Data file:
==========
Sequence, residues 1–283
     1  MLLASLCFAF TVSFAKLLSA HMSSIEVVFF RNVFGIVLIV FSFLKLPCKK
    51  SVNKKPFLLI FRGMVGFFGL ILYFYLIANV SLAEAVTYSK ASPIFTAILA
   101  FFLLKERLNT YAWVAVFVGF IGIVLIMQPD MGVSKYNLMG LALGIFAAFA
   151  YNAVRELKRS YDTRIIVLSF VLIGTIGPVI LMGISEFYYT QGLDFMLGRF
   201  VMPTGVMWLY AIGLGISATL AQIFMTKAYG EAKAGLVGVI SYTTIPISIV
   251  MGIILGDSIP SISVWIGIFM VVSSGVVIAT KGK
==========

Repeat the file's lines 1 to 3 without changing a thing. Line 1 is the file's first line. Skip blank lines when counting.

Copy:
Sequence, residues 1–283
     1  MLLASLCFAF TVSFAKLLSA HMSSIEVVFF RNVFGIVLIV FSFLKLPCKK
    51  SVNKKPFLLI FRGMVGFFGL ILYFYLIANV SLAEAVTYSK ASPIFTAILA